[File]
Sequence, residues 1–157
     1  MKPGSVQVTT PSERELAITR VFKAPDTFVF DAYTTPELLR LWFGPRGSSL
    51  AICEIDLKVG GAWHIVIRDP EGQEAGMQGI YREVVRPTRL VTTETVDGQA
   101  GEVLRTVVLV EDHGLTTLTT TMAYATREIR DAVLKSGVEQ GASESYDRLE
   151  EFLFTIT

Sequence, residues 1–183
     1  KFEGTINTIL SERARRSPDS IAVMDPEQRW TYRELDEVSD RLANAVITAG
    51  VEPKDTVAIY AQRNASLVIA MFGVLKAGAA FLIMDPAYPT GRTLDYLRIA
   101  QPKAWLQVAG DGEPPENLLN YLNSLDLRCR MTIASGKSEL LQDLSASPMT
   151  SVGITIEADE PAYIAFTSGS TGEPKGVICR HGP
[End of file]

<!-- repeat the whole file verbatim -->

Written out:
Sequence, residues 1–157
     1  MKPGSVQVTT PSERELAITR VFKAPDTFVF DAYTTPELLR LWFGPRGSSL
    51  AICEIDLKVG GAWHIVIRDP EGQEAGMQGI YREVVRPTRL VTTETVDGQA
   101  GEVLRTVVLV EDHGLTTLTT TMAYATREIR DAVLKSGVEQ GASESYDRLE
   151  EFLFTIT

Sequence, residues 1–183
     1  KFEGTINTIL SERARRSPDS IAVMDPEQRW TYRELDEVSD RLANAVITAG
    51  VEPKDTVAIY AQRNASLVIA MFGVLKAGAA FLIMDPAYPT GRTLDYLRIA
   101  QPKAWLQVAG DGEPPENLLN YLNSLDLRCR MTIASGKSEL LQDLSASPMT
   151  SVGITIEADE PAYIAFTSGS TGEPKGVICR HGP